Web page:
Are you ready to water the lawn with treated sewage?

It seems as if it has taken forever for someone in Kitsap County to put treated sewage to beneficial use, but a demonstration project on Retsil Road in South Kitsap is just around the corner. Check out my story in Saturday’s Kitsap Sun.

Darren Noon of Pape and Sons Construction Co. welds a section of "purple pipe" along Retsil Road in South Kitsap, the first reclaimed water project in Kitsap County.
Kitsap Sun photo by Meegan M. Reid

Local water experts were contemplating uses for highly treated wastewater even before “low-impact development” became a common phrase for infiltrating stormwater into the ground.

LID has caught on fairly quickly as a method of keeping polluted stormwater from reaching our streams and Puget Sound. The concept got an extra push from new stormwater regulations, which have greatly increased the cost of conventional pipe-and-pond methods of stormwater management.

The less-touted benefit of LID is groundwater recharge, which boosts our long-range water supply.

Kitsap County’s Watershed Management Plan (PDF 147 kb), developed in 2005, estimated that Kitsap County’s sewage treatment plants release 8 million gallons of treated water into Puget Sound each day. That’s enough to increase the base flow of 10 streams by 10 cubic feet per second, raise aquifer levels throughout the county or launch a new industry without touching our drinking water supplies.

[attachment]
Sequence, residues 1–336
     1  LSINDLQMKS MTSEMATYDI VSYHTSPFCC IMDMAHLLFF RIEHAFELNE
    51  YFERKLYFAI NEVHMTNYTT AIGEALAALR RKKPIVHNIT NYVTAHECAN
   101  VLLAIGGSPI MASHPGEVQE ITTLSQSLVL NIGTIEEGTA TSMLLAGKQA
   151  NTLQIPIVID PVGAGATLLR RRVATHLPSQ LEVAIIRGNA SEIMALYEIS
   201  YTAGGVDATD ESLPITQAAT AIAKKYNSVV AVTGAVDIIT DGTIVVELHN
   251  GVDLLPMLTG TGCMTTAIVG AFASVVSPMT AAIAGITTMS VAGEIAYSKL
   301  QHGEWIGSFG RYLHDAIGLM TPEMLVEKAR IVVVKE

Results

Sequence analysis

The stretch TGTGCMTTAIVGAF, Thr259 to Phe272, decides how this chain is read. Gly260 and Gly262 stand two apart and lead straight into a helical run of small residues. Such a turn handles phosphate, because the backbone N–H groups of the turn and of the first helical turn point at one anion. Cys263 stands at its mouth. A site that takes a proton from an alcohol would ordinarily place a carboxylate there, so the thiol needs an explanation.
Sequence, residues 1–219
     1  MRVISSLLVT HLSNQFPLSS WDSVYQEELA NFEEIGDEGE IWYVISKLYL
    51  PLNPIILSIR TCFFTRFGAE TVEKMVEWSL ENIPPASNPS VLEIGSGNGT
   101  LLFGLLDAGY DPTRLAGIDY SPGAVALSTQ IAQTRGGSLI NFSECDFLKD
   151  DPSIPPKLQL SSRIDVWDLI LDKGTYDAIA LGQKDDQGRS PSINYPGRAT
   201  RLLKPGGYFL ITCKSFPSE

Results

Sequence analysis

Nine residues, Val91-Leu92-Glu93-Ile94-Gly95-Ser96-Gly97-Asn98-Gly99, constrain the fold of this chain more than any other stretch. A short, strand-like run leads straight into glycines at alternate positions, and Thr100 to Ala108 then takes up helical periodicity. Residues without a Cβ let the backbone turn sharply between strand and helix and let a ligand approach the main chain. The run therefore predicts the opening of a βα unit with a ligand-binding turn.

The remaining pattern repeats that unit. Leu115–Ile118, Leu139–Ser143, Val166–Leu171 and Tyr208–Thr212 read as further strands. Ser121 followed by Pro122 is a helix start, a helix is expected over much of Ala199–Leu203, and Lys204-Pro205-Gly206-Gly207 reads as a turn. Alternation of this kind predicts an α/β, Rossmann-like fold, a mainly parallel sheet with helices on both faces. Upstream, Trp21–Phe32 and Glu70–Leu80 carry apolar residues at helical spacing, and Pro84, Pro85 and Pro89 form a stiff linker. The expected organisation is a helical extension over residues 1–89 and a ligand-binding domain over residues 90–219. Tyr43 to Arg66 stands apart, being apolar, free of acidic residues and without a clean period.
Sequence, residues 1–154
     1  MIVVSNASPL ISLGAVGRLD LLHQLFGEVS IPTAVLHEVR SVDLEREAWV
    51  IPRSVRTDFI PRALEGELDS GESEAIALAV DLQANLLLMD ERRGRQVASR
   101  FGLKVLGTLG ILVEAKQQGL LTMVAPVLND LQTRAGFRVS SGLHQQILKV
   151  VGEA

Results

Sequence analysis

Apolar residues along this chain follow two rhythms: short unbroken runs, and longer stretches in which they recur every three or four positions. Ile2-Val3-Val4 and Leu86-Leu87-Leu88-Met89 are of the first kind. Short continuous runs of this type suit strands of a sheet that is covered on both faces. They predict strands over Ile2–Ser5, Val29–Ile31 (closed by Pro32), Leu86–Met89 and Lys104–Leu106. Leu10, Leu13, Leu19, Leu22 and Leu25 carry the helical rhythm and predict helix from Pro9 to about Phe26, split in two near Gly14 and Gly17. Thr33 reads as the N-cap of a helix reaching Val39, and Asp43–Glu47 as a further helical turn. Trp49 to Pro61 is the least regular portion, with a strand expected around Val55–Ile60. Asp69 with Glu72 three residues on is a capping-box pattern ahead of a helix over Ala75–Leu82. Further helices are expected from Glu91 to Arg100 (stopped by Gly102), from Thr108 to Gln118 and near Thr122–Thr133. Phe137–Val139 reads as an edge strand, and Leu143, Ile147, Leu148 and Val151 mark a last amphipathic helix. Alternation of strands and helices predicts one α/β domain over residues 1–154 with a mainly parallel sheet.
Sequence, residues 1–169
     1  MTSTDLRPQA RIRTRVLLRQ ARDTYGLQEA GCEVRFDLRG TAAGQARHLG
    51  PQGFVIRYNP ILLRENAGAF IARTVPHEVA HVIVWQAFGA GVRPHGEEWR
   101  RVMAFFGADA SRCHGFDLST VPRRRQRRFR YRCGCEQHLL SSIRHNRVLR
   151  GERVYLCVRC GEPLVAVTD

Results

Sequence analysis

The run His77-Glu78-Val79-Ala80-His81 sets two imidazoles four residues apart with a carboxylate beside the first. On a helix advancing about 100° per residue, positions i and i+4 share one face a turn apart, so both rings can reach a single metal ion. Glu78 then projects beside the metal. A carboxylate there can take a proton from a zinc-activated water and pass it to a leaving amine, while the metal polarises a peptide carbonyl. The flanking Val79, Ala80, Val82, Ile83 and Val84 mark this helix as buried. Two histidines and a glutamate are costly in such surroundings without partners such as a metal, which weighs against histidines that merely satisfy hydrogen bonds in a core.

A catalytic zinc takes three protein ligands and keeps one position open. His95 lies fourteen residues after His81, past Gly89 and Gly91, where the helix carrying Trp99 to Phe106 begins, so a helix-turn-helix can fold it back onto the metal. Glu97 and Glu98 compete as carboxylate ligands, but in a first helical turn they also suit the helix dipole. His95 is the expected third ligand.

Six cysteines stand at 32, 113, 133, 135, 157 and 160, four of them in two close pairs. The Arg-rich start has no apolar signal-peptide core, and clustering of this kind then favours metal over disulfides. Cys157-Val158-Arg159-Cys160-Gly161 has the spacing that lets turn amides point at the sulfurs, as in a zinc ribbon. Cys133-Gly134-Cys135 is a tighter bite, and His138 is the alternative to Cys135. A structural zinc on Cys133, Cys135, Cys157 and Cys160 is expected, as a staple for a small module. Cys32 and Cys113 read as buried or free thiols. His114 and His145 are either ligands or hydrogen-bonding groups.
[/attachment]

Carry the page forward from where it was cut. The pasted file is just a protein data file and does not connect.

“The most significant barriers to recycling wastewater are the cost of infrastructure and additional treatment, as well as public perception,” the report states. “Elected officials in WRIA 15 (the Kitsap Peninsula) have expressed support for public education about reclaimed water.”

The report mentions that highly treated effluent from the Central Kitsap Wastewater Treatment Plant near Brownsville could be used to supplement streamflows in nearby Steele Creek. But more recently Kitsap County and Silverdale Water District have begun working together on a plan to pipe the water into the heart of Silverdale, where it can be used to water ballfields and landscaping.

That’s also the initial plan put forth by West Sound Utility District, as I mentioned in Saturday’s story. Using wastewater for irrigation cuts down on peak demand, which is what drives water utilities to drill new wells. Needless to say, drilling deep wells comes at a tremendous expense — an expense that grows greater as Kitsap County approaches the limits of its groundwater supplies in some locations.

To many people, using reclaimed wastewater seems like a novel idea, especially in an region known for its rain. People remain squeamish about getting anywhere near sewage water, even if it is treated. But I don’t believe it will take long for people to accept the idea of using treated wastewater for irrigation, once they realize it is treated to basically the same level as drinking water.

On the other hand, drinking treated effluent becomes another issue, even though it has been done indirectly for years in many places. If you live in a town on the Mississippi River, your local utility may be drawing water out of the river for your consumption just downstream of where a sewage treatment plant is dumping its effluent.

There are several other places where reclaimed water is mixed with freshwater, such as in a reservoir, then drawn back out for drinking. Ironically, putting the wastewater into a reservoir makes it seem more palatable, even though it probably was cleaner before. Treating the water in the reservoir is essentially treating the wastewater again — although water is just water in the end.